Status of the Second Amendment: Who Has the Right to Bear Arms?

Law Journal symposium to discuss changes in Second Amendment interpretation

Four scholars will discuss the status of the Second Amendment and the recent changes to its implementation for ‘The Second Amendment After Bruen,’ a symposium hosted by the Mississippi Law Journal. The event, at 12:30 p.m. Nov. 10 in Weems Auditorium, is open to the public.

OXFORD, Miss. – The Second Amendment has been a controversial issue in the United States for decades, but a 2022 Supreme Court decision may have changed the way justices assess whether a law concerning firearms is constitutional.

In a changing landscape, who has the right to bear arms? In a panel discussion next week, four experts in the subject will discuss major changes in gun law following New York Rifle and Pistol Association v. Bruen, a Supreme Court case decided in June 2022.

The Mississippi Law Journal symposium “The Second Amendment After Bruen” will be open to the public at 12:30 p.m. Nov. 10 in Weems Auditorium at the University of Mississippi School of Law

Will Berry

“Bruen broadened the scope of the Second Amendment,” said William Berry, associate dean for research and Montague Professor of Law. “No one knows, from court’s opinion, how far the right to bear arms goes. 

“Because this is such a hot topic and because the case’s application is unclear, we will be hosting four experts from across the country to discuss the future of the Second Amendment.” 

The four scholars will discuss the status of the Second Amendment and the recent changes to its implementation following Bruen and other notable cases, said Chris Green, UM law professor and Jamie L. Whitten Chair in Law and Government.

The speakers are:

  • Fred Vars, Ira Drayton Pruitt Sr. professor of law at the University of Alabama
  • Brannon Denning, Starnes Professor of Law at Samford University 
  • George Mocsary, professor of law at the University of Wyoming
  • Andrew Willinger, executive director of the Center for Firearms Law at Duke University

In Bruen, the Supreme Court held that New York’s law regulating who may apply to carry a firearm in public was unconstitutional and violated the Second and 14th amendments. The justices came to this decision based on the lack of a “tradition of law” that would support such regulation, Green said.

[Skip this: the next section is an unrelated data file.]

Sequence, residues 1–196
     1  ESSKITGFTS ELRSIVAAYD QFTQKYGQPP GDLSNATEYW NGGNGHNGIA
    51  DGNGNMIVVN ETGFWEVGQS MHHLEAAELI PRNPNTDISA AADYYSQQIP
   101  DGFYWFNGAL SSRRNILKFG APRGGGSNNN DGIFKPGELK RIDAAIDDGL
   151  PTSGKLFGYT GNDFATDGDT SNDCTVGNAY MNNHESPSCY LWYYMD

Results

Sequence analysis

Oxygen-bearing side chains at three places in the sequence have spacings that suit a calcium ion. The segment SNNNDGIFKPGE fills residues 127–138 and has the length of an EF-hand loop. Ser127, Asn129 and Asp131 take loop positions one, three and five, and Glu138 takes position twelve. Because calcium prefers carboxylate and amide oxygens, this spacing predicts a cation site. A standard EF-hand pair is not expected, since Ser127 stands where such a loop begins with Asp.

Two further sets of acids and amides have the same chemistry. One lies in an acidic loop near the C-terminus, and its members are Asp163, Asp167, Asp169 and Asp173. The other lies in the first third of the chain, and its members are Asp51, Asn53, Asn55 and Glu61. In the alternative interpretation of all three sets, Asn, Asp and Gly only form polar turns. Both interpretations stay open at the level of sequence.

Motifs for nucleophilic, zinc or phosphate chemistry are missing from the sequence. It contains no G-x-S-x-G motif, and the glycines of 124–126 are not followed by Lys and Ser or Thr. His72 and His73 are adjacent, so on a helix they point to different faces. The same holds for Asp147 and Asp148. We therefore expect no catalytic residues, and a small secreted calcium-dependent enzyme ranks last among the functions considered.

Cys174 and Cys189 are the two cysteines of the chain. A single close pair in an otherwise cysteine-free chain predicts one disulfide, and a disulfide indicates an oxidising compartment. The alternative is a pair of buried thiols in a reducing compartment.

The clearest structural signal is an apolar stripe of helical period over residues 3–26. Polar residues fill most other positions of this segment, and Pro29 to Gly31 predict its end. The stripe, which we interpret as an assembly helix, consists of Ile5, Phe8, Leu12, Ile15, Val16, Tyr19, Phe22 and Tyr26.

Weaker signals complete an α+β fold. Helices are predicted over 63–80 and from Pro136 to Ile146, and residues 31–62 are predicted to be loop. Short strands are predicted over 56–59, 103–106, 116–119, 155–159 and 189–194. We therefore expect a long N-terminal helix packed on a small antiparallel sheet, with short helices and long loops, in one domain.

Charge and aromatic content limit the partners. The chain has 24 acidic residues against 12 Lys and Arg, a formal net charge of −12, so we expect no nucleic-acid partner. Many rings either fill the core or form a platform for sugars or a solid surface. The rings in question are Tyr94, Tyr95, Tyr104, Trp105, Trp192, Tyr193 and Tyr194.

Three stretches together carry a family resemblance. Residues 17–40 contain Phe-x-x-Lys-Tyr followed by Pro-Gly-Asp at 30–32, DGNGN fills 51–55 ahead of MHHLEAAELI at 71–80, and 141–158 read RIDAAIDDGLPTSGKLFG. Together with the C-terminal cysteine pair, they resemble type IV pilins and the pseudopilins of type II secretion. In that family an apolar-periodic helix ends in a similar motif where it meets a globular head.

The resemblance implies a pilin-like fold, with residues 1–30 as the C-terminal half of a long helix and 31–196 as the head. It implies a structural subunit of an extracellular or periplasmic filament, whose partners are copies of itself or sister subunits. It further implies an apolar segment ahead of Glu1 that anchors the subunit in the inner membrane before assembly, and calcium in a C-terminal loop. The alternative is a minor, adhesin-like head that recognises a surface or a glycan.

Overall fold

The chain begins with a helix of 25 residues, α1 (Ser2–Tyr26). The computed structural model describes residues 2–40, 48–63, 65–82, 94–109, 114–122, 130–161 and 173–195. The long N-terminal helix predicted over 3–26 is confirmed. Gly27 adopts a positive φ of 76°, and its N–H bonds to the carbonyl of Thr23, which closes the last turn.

“The amount of litigation since Bruen has been just huge,” Green said. “It’s been something that there’s headlines getting created about it very regularly and the lower courts are now having to deal with different aspects of gun regulations and the traditions behind them. 

Chris Green

“One of the things we want to do as the law school is tell people about what’s going on today, so choosing to focus our symposium on gun law was a very easy call.” 

The Supreme Court will hear the oral argument in one such case, U.S. v. Rahimi, on Nov. 7, just days before the symposium. U.S. v. Rahimi considers whether the Second Amendment affords the right to possess a gun to individuals subject to domestic-violence restraining orders. 

The right to bear arms is one of the most divisive issues in America, with an almost even split between citizens who support and oppose the right of citizens to own firearms, according to the Pew Research Center. The court’s reading of the Second Amendment is important because it can place restrictions on how states and the federal government can regulate guns, Berry said.

“There’s a group in our population that opposes any limit on the right to have a gun, and there’s another group that wants to eliminate guns altogether, particularly in response to the rise in school shootings,” he said. “But most people fall somewhere in between.” 

The speakers on the Nov. 10 panel have opinions that range across the board regarding firearm legislation and will be able to speak from multiple perspectives, Green said. 

“They’re all people who know a heck of a lot about the history of gun regulation and the details of how the Second Amendment has been working,” Green said. “I know a few of them well enough to know that it won’t be ideologically monochromatic.”